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How Many Hours of Sleep Do You Really Need

A lot of people don’t know how to sleep properly, why to sleep, and sadly, how many hours of sleep their bodies really need. The body and mind work throughout the day and deserves a very good number of quality sleep by night. Before we talk no how much sleep the body really needs, let us define what sleep really is.

Also See: How Sleep and Dreams Help You Learn and Remember Better

What is Sleep?

Sleep is a condition of body and mind which typically recurs for several hours every night, in which the nervous system is inactive, the eyes closed, the postural muscles relaxed, and consciousness practically suspended.

Sleep is more than just a time for your body and mind to rest. In fact, while you’re asleep, your body is hard at work.

It even goes beyond the night; you can sleep at any time of the day depending on your free time. However, when life gets busy, it’s often the first thing we neglect or sacrifice.

This is unfortunate because good sleep is just as vital to good health as eating healthy foods or getting enough exercise.

Also See: Reasons Why Students Find it Hard to Sleep

How Many Hours of Sleep You Need

Every individual has unique needs and preferences, and the answer to how much sleep you need is no different.

Nevertheless, the amount of sleep you need per night is largely determined by your age.

Official recommendations for sleep duration are broken down by age group:

  • Older adults (65+): 7–8 hours
  • Adults (18–64 years): 7–9 hours
  • Teenagers (14–17 years): 8–10 hours
  • School children (6–13 years): 9–11 hours
  • Preschoolers (3–5 years): 10–13 hours
  • Toddlers (1–2 years): 11–14 hours
  • Infants (4–11 months): 12–15 hours
  • Newborns (0–3 months): 14–17 hours

However, some people might need more or less sleep than is generally recommended, depending on the following factors.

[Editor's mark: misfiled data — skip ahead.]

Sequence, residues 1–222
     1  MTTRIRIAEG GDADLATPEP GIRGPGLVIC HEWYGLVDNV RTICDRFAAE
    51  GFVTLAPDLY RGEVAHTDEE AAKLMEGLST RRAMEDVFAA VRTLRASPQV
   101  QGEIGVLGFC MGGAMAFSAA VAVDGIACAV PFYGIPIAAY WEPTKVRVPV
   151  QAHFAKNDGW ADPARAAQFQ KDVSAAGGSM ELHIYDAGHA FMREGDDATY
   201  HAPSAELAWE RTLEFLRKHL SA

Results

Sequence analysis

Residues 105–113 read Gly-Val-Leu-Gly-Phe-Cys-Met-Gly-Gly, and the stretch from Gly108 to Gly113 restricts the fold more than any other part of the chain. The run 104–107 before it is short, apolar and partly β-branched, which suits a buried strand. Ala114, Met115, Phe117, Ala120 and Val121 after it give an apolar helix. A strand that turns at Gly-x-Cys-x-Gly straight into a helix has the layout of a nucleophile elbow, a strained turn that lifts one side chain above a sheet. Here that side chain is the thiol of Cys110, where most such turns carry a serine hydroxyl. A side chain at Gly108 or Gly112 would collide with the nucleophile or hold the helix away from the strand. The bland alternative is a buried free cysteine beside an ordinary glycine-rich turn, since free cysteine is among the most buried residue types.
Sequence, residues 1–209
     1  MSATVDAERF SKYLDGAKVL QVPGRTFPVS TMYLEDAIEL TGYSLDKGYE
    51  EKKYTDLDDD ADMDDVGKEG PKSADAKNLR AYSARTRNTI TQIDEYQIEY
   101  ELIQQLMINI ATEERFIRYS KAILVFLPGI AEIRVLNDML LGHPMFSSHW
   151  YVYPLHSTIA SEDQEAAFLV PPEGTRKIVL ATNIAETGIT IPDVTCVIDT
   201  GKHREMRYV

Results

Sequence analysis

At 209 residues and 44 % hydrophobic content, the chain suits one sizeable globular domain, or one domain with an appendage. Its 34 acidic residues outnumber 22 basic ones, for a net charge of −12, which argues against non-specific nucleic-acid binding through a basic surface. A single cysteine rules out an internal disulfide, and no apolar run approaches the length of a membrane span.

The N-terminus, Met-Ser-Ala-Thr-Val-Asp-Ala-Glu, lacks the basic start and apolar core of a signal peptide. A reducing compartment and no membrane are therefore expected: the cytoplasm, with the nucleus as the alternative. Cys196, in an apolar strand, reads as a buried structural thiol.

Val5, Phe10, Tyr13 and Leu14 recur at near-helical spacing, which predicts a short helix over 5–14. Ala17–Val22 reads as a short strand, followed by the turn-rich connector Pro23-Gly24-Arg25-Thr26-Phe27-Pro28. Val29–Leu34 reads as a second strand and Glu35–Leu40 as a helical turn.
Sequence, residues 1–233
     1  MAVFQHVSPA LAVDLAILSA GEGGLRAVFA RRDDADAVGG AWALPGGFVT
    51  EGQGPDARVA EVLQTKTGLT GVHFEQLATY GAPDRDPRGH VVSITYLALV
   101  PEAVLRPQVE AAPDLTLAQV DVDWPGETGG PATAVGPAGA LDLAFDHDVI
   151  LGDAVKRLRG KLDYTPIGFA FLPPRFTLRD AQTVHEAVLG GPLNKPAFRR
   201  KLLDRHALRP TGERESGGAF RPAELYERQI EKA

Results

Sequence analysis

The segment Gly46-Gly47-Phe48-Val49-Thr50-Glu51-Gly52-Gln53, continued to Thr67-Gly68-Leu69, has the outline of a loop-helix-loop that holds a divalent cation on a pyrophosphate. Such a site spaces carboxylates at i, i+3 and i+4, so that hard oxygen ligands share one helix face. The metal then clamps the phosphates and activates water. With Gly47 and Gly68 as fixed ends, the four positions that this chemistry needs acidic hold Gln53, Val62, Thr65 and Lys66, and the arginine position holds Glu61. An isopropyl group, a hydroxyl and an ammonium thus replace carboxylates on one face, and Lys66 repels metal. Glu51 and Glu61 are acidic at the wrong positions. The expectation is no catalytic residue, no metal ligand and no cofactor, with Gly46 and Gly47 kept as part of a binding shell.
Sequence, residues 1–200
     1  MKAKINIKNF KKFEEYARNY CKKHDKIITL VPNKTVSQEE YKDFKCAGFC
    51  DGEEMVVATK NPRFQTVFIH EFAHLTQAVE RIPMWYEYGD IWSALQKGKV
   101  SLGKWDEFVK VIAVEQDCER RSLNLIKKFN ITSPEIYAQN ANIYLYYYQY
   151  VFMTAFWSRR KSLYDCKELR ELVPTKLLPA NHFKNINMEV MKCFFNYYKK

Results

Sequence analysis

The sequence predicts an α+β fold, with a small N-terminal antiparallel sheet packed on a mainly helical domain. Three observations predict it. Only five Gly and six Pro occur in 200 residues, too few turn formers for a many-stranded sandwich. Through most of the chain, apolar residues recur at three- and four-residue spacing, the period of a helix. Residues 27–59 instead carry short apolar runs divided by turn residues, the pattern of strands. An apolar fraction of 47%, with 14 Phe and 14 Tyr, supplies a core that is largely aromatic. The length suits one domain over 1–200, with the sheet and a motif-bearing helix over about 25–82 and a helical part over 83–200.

Factors that Determine How Much Sleep You Need

  1. Genetic Makeup

Genetics is another determinant of how many hours of sleep you need per night.

Certain genetic mutations can affect how long you need to sleep, at what time of day you prefer to sleep, and how you respond to sleep deprivation.

For example, those with one specific genetic mutation get by fine on around six hours, whereas people without it really need about eight hours, on average.

And people carrying certain other genetic mutations are more negatively affected by sleep deprivation or experience deeper sleep.

Unfortunately, your genetic makeup is not something you can change, and there’s no practical way to know if you carry one of these mutations.

Therefore, it’s important to simply pay attention to how you feel to determine if you’re getting the right amount of sleep.

  1. Sleep Quality

The quality of your sleep can also impact how much you need.

If your sleep quality is poor, you may find that you still feel tired after getting what should be considered enough.

Conversely, if you are getting good quality sleep, you may be able to manage better with a little less.

Many studies have found that short sleep duration, as well as poor sleep quality, are responsible for many negative sleep-related effects.

Therefore, it’s not only important to focus on sleeping long enough, but also on sleeping well enough.

Additionally, many common sleep disorders can have negative effects on your sleep quality. If you regularly feel like you aren’t sleeping well or are extremely tired and don’t know why it’s a good idea to check in with your doctor.

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